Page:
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Muhammad v. CCOH or CCHM

United States District Court, D. South Carolina

December 18, 2019

Ameen A. Muhammad, #1337028, Plaintiff,
v.
CCOH or CCHM, H. Drayton, Theodolph Jacobs, O'Brien, G. Williams, and John Doe, Defendants.

          ORDER AND NOTICE

          Shiva V. Hodges United States Magistrate Judge

         Ameen A. Muhammad (“Plaintiff”), proceeding pro se and in forma pauperis, filed this complaint pursuant to 42 U.S.C. § 1983 against CCOH or CCHM, Detention Center Director H. Drayton (“Drayton”), Dr. Theodolph Jacobs (“Dr. Jacobs”), Dr. O'Brien, Dr. G. Williams (“Dr. Williams”), and John Doe (“Doe”) (collectively “Defendants”), in their official and individual capacities, alleging violations of his constitutional rights. Pursuant to the provisions of 28 U.S.C. § 636(b)(1)(B) and Local Civ. Rule 73.02(B)(2)(e) (D.S.C.), the undersigned is authorized to review such complaints for relief and submit findings and recommendations to the district judge.

         I. Factual and Procedural Background

         Plaintiff is a pretrial detainee incarcerated at Sheriff Al Cannon Detention Center (“Detention Center”) in North Charleston. [ECF No. 1 at 2, 4]. He alleges Defendants violated his due process rights under the Fourteenth Amendment by subjecting him to cruel and unusual punishment and providing inadequate medical care in violation of the Eighth Amendment. Id. at 4. He claims additional violations based on negligence and breach of contract.[1] Id.

         Plaintiff alleges Defendants violated minimum standards for screening for communicable diseases in local detention facilities. Id. at 4. He claims that on November 15, 2019, hepatitis A vaccines were administered to all inmates in the Detention Center. Id. at 5. He maintains he has been experiencing symptoms of hepatitis A, including headache, fatigue, throbbing behind his left eye, blurred vision, and anal irritation. Id. at 5-6. He alleges CCMH did not properly screen for the disease, allowing him to become infected.[2] Id. at 5.

         Plaintiff demands compensatory damages of $5, 000, 000, “nominal” damages of $100, 000, punitive damages of $5, 000, 000, a declaratory judgment, a change in policy, “or reduced likelihood of future violations.” Id. at 6.

         II. Discussion

         A. Standard of Review

         Plaintiff filed his complaint pursuant to 28 U.S.C. § 1915, which permits an indigent litigant to commence an action in federal court without prepaying the administrative costs of proceeding with the lawsuit. To protect against possible abuses of this privilege, the statute allows a district court to dismiss a case upon a finding that the action fails to state a claim on which relief may be granted or is frivolous or malicious. 28 U.S.C. § 1915(e)(2)(B)(i), (ii). A finding of frivolity can be made where the complaint lacks an arguable basis either in law or in fact. Denton v. Hernandez, 504 U.S. 25, 31 (1992). A claim based on a meritless legal theory may be dismissed sua sponte under 28 U.S.C. § 1915(e)(2)(B). See Neitzke v. Williams, 490 U.S. 319, 327 (1989).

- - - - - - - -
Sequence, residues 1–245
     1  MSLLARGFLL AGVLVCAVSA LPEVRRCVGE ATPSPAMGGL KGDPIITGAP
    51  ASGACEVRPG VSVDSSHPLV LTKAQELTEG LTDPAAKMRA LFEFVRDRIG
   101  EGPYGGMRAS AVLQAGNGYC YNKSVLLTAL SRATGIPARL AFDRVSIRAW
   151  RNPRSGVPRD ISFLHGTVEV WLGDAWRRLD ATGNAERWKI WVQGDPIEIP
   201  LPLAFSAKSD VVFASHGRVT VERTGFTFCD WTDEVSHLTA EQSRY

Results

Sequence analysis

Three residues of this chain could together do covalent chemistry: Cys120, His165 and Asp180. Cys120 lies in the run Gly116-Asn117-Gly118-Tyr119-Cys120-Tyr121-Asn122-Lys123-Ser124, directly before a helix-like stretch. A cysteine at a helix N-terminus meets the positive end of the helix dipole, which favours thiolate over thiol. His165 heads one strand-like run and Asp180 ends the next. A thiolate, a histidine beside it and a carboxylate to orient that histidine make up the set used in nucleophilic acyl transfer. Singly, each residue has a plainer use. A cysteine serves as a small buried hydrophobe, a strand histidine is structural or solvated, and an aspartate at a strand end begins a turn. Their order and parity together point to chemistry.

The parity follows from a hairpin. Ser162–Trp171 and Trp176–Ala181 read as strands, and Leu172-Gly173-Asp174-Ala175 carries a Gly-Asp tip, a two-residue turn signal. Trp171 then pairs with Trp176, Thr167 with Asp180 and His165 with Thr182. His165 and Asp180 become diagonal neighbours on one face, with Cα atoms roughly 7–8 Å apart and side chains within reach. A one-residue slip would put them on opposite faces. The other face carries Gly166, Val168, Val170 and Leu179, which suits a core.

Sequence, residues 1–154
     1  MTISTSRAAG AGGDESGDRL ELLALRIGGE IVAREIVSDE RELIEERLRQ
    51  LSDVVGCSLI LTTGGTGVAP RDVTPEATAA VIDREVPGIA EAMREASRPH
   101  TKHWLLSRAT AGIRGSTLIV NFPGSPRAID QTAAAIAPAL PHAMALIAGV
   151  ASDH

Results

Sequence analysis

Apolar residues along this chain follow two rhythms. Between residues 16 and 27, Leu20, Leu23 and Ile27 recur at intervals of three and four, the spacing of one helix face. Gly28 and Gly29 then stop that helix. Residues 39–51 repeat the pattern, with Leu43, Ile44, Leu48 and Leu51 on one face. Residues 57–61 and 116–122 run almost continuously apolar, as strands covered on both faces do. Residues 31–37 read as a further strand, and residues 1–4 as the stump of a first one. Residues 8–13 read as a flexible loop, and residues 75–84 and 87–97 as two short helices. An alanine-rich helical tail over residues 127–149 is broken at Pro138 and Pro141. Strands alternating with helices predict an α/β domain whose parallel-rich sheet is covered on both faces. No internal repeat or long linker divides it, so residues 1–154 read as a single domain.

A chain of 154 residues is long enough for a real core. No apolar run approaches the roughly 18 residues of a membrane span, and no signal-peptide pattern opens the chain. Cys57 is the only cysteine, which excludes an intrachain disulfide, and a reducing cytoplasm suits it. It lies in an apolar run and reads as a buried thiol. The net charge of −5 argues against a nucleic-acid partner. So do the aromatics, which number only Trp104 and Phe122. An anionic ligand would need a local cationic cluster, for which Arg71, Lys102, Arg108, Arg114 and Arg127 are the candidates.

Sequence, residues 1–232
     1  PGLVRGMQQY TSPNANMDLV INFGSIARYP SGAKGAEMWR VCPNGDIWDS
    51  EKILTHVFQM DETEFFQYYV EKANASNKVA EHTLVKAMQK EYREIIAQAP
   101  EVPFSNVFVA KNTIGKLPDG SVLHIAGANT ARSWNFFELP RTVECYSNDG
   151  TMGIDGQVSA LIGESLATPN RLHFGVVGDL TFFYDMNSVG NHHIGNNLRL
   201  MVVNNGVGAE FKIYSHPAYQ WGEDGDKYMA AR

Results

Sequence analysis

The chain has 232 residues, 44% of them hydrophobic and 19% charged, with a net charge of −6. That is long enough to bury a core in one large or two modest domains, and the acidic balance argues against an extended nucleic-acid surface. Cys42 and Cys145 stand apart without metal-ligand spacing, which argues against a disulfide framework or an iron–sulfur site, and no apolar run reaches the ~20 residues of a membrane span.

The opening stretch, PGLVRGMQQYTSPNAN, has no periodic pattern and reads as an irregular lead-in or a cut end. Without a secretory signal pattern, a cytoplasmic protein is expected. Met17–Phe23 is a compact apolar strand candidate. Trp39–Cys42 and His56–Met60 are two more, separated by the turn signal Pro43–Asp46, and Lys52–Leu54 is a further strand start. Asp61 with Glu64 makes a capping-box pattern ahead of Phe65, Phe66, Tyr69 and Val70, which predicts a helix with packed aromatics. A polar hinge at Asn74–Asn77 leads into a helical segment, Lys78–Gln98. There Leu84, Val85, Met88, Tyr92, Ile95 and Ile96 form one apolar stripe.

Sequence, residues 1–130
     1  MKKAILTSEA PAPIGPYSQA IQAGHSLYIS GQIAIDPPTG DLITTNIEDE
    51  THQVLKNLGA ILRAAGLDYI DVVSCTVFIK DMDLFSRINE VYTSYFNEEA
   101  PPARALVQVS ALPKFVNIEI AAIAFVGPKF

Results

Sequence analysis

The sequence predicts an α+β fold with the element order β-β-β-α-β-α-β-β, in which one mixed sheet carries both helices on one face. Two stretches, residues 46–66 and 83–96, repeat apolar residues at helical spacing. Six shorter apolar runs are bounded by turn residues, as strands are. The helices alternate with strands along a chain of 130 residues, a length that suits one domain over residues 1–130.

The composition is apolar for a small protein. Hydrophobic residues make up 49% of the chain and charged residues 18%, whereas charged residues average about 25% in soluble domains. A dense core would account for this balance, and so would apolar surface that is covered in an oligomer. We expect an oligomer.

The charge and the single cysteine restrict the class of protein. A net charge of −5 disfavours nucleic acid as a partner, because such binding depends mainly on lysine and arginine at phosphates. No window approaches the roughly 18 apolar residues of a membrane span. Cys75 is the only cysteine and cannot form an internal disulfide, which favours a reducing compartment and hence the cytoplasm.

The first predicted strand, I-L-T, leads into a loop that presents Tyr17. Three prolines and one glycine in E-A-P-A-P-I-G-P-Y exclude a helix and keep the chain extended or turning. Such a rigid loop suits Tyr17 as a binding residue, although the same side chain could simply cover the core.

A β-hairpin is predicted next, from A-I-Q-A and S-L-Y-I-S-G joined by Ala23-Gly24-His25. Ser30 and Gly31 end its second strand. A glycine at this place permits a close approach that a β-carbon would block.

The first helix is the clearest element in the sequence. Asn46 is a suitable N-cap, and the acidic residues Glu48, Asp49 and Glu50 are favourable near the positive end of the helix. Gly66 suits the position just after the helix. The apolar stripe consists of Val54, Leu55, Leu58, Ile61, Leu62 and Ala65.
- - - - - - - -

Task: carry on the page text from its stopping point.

A complaint must contain “a short and plain statement of the claim showing that the pleader is entitled to relief.” Fed.R.Civ.P. 8(a)(2). Pro se complaints are held to a less stringent standard than those drafted by attorneys. Gordon v. Leeke, 574 F.2d 1147, 1151 (4th Cir. 1978). In evaluating a pro se complaint, the plaintiff's allegations are assumed to be true. Fine v. City of N.Y., 529 F.2d 70, 74 (2d Cir. 1975). The mandated liberal construction afforded to pro se pleadings means that if the court can reasonably read the pleadings to state a valid claim on which the plaintiff could prevail, it should do so. A federal court is charged with liberally construing a complaint filed by a pro se litigant to allow the development of a potentially meritorious case. Erickson v. Pardus, 551 U.S. 89, 94 (2007).

         The requirement of liberal construction does not mean that the court can ignore a clear failure in the pleading to allege facts that set forth a claim currently cognizable in a federal district court. Weller v. Dep't of Soc. Servs., 901 F.2d 387, 390-91 (4th Cir. 1990). Although the court must liberally construe a pro se complaint, the United States Supreme Court has made it clear a plaintiff must do more than make conclusory statements to state a claim. See Ashcroft v. Iqbal, 556 U.S. 662, 677‒78 (2009); Bell Atlantic Corp. v. Twombly, 550 U.S. 544, 555 (2007). Rather, the complaint must contain sufficient factual matter, accepted as true, to state a claim that is plausible on its face, and the reviewing court need only accept as true the complaint's factual allegations, not its legal conclusions. Iqbal, 556 U.S. at 678‒79.

         B. Analysis

         1. CCOH or CCHM Not A “Person” Under § 1983

         To state a plausible claim for relief under 42 U.S.C. § 1983, [3] an aggrieved party must sufficiently allege that he was injured by “the deprivation of any [of his or her] rights, privileges, or immunities secured by the [United States] Constitution and laws” by a “person” acting “under color of state law.” See 42 U.S.C. § 1983; see generally 5 Charles Alan Wright & Arthur R. Miller, Federal Practice and Procedure § 1230 (3d ed. 2014). Only “persons” may act under color of state law; therefore, a defendant in a § 1983 action must qualify as a “person.” For example, inanimate objects such as buildings, facilities, and grounds are not “persons” and cannot act under color of state law. See Preval v. Reno, 57 F.Supp.2d 307, 310 (E.D. Va. 1999) (“[T]he Piedmont Regional Jail is not a ‘person,' and therefore not amenable to ...


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